Theodore Runyon Jr. says: "From Altizer’s standpoint, the God I am advocating, the God who is distinct from man and the world, is a repressive figure who must be killed in order that the God who in Christ is identical with the world might emerge. From my viewpoint, what needs to die, or at least to be relativized, is absolute confidence in the religious intuition of man, which in this form I take to be a deifying of the aesthetic dimension of the creature."
All forms of knowledge in which Christian faith and experience has expressed itself must also be continually subject to re-examination and reformulation. This is why theology at the present time is in the most fluid state it has been since the period of Christian origins.
An appreciation of the damage we are doing to the earth has been slow to surface in modern human consciousness. Most people are so taken up with personal and local affairs of the moment that they are almost completely unaware of the larger picture.
If we affirm the death of God fervently enough, a new revelation of the sacred will appear. This is a solution to a Godless world, but is it a viable one? That is the question posed in this essay. It is a critical interpretation of death-of-God theology from the point of view of process theology.
In turning men away from the mythological concepts of the gods to the YHWH who was known through His Word, Israel seized upon the most important phenomenon in the human scene — language — to become the metaphor for faith “The Word became flesh.”
Dr. Geering offers ten scenarios of the possible human future — wars, starvation, mass pandemics, ecological disasters and unfettered terrorism. He concludes that if a successful global society is to emerge, it will require humanity to develop a new consciousness and a new form of spirituality.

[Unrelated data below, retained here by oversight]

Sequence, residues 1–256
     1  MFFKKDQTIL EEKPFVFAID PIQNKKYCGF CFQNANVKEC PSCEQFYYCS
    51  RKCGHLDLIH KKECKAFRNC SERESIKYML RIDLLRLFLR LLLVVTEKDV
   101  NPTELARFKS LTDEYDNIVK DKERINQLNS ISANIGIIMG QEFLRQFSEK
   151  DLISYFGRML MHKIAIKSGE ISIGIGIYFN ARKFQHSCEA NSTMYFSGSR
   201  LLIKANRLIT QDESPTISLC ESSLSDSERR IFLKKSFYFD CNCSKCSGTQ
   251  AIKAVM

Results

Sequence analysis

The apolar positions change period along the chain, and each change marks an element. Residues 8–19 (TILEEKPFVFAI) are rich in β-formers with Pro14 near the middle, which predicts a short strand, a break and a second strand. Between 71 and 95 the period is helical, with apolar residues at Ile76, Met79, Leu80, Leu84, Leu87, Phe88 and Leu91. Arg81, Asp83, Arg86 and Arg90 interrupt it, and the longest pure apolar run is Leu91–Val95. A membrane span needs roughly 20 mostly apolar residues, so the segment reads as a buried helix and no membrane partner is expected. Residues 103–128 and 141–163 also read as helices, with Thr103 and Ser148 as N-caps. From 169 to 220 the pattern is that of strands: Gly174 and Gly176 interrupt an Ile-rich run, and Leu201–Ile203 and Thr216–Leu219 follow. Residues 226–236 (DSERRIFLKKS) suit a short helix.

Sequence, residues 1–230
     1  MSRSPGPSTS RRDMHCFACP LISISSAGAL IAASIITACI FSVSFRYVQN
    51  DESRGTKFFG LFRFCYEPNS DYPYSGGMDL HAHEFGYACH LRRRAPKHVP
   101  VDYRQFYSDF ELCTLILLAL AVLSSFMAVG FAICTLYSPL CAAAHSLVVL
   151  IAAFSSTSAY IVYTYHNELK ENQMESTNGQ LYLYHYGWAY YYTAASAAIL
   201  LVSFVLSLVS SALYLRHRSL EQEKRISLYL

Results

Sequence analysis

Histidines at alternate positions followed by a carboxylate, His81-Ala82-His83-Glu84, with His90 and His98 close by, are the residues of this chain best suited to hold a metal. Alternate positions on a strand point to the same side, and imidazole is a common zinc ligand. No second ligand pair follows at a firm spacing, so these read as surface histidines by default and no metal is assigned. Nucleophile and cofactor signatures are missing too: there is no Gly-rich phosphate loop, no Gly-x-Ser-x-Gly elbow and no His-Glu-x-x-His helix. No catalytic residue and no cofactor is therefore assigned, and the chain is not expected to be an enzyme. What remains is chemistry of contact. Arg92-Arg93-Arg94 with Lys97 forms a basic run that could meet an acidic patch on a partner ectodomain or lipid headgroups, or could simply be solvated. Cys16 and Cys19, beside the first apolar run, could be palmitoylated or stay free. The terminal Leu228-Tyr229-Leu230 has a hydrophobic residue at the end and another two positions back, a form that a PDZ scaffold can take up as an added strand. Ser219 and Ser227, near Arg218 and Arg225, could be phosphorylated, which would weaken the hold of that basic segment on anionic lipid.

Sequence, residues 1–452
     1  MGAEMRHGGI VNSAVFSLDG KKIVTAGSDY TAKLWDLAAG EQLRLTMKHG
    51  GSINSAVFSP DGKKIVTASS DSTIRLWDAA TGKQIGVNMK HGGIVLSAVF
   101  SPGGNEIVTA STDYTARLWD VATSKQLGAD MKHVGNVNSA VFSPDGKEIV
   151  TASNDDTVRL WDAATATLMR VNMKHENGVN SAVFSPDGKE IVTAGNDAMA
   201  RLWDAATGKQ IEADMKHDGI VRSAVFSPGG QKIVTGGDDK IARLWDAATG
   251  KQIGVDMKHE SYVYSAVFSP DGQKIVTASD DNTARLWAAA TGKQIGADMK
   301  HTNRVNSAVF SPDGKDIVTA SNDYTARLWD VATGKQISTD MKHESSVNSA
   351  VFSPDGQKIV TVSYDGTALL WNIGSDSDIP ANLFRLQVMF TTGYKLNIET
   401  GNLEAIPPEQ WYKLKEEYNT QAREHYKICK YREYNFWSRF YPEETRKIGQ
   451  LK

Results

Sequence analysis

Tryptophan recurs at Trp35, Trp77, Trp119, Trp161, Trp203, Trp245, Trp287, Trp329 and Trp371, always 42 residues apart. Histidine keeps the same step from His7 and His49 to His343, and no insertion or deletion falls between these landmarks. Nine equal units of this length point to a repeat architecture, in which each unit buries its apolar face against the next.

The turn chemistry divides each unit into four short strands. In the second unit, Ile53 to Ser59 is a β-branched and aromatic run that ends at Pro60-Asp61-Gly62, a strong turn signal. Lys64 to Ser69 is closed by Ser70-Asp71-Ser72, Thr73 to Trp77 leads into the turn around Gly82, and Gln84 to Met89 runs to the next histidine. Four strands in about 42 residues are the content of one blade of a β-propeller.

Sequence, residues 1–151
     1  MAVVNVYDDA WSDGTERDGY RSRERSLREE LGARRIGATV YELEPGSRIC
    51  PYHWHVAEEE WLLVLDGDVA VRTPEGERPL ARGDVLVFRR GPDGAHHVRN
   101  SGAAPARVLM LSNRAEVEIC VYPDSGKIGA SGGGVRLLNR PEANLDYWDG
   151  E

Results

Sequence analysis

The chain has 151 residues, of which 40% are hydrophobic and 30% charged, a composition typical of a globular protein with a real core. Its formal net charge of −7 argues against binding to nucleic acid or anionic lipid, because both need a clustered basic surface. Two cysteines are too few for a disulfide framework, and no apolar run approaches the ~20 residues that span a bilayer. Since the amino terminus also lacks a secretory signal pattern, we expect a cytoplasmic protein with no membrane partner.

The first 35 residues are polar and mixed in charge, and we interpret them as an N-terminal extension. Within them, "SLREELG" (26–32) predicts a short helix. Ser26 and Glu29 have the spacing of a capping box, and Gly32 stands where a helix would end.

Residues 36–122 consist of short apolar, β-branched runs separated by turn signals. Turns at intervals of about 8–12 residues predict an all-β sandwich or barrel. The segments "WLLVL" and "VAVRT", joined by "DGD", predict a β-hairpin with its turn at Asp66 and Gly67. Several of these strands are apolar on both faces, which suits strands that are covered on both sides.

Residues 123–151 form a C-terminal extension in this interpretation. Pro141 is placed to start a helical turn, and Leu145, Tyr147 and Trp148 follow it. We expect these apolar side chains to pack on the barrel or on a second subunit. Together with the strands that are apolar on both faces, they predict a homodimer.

The emergence of the new worldview has brought about the dissolution of the mythological framework in which Christian faith had come traditionally to be expressed.
While I am fully persuaded that the death of God is a Christian phenomenon, and that it promises the Christification of all, I find that Noel’s portrait of “on-goingness” at no point transcends or goes beyond a pre-death-of-God stage of religious evolution.
If the human species is not to self-destruct it must develop into a global society which will find cohesion in what may be called a global human culture. The challenges which lie ahead cannot be overcome by any one person or group working on their own but only by the human species working as a whole.
Some people define religion as a body of beliefs and practices which direct man’s attention to one or more divine beings in an unseen supernatural world. If this is religion, then Israel rejects it and so does Christianity. Jesus of Nazareth did not begin a new religion. He proclaimed a new way of faith, by which man, in whatever generation he lives, is summoned by the Word of God to concern himself with the human scene, for this is God’s concern. The Christian way transcends religion and spells the end of religion — thus the point of “religionless” Christianity.